Posts Tagged ‘love’

I came across this article today and wanted to write about it. Not because it makes a reference to Pride and Prejudice… okay, partially because it makes a reference to Pride and Prejudice… but because I completely agree with it.

I’ve always believed a person, lover or not, can become infinitely more attractive (or ugly) as you get to know his or her personality. Plenty of times I’ve met a guy who I initially found hot but whose appearance became increasingly less appealing as I got to know him. And then there were the men I wrote off at first because they weren’t “my type” only to wake up one day with the realization that I had a huge crush on them. Same goes for friends — or enemies — in my life.

“Perceptions of mate value change the more time that people spend together.”

So, so true. I’m a fan of “slow love,” or falling for the book and not its cover. Which is why I think it’s vitally important to keep an open mind when meeting someone new, especially if it’s through dating apps. Don’t be in such a rush to swipe left! Several people I’ve dated would have been left-swiped on Tinder at the time. Thankfully (I think), I met these people in-person, and I fell for them after getting to know them. But it makes me wonder how many people I may have eliminated in the past because they didn’t fit my definition of attractive when presented to me on my phone’s small screen. I’ve since come to my senses, and though I’m not actively swiping bitches right now, I’m mindful of this phenomenon and its implications.

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I’ve been sitting on this Truth for a while, waiting for some of the turmoil it triggered to settle. One person came to mind when I first read the statement, and I thought, “I wish I’d never met ______!” But that’s not true. There’s one thing I’ve recently realized about myself: I’m an extremely reactive person. Something someone says or does will trigger an emotional response, and instead of sitting with and processing my feelings, I react. Oftentimes it’s not warranted and not pretty, and I mostly get negative results. And then I find myself backpedaling and apologizing once I digest and realize I may have overreacted. Like Mark Manson says, don’t let your emotions define you. So, I am very glad I let this Truth process, because you’re going to get a very different response today than you would have gotten a couple of weeks ago.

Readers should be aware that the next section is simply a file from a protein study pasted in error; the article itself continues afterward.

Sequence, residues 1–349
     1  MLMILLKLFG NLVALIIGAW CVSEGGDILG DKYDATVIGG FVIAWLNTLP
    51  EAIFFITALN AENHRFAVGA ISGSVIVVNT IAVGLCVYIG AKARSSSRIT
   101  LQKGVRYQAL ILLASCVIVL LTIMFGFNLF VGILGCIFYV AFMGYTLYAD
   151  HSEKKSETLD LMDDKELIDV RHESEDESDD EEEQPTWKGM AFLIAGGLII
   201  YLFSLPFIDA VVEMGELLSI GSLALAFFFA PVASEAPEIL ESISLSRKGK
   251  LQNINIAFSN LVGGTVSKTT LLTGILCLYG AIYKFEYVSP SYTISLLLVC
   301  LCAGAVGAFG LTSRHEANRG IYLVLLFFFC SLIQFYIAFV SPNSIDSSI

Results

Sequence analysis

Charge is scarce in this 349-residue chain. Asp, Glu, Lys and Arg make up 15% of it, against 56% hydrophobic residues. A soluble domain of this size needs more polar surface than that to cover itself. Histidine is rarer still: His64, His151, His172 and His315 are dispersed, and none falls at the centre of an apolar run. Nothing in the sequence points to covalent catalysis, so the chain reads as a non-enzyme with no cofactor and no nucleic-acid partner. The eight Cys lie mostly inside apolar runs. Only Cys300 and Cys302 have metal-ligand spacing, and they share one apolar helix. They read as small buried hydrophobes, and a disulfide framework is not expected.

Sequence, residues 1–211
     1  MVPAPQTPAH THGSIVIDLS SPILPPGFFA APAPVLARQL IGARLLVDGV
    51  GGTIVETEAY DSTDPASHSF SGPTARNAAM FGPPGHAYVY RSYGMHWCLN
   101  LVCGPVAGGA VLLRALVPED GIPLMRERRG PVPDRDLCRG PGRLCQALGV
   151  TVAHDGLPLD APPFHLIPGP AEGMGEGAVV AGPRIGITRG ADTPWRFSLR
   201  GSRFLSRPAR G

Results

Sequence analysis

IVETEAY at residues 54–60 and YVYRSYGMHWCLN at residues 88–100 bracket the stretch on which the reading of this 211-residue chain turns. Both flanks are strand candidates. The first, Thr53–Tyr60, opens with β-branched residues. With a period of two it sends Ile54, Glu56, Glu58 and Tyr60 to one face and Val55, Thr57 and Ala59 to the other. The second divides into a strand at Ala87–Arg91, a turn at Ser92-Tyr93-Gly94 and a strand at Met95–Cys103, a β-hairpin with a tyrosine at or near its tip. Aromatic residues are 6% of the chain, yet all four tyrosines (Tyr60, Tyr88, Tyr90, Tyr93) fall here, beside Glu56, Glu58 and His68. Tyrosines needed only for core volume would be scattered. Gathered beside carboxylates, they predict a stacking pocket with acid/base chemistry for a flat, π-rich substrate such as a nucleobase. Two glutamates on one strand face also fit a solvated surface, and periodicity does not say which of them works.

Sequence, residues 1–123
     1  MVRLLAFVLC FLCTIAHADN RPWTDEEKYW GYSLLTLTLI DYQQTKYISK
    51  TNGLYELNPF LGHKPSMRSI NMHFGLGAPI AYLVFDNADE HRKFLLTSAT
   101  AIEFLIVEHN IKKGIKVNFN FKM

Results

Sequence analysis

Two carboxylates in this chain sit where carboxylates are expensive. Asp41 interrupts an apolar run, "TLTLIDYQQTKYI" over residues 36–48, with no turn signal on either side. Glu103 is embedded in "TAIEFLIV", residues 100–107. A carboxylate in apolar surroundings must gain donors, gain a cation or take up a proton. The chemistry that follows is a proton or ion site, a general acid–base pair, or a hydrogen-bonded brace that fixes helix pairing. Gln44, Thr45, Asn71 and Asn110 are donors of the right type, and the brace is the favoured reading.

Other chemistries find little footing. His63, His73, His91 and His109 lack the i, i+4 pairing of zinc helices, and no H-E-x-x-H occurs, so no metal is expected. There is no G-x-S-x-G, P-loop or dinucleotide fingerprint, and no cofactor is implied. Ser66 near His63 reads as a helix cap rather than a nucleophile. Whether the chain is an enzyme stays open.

Letting someone go and wishing you didn’t know someone are two very different things. Do I choose to address the first part of the statement or the second? Is there even an option here? The person in question I am slowly letting go, and I do think it’s necessary for me to be happy. It’s taken ample time, reflection, and consideration. It hasn’t been easy. Several of my friends and family can attest to this. In fact, they may tell you that there have been times they wanted to shake me. (And one person in particular may be upset that I’m even devoting most of a blog post to _______.)

Do I wish I didn’t know this person? Absolutely not. Knowing this person has taught me so much about myself and what I want (and need) from my relationships. My relationship with this person — on both a platonic and romantic level — was rewarding in so many ways. It has been an invaluable part of my personal and emotional growth. I went into it with eyes open, fully knowing I’d probably get my heart broken. And I did. But I needed it. And I’m grateful for it. It’s taken me close to a year of processing to be able to say that.

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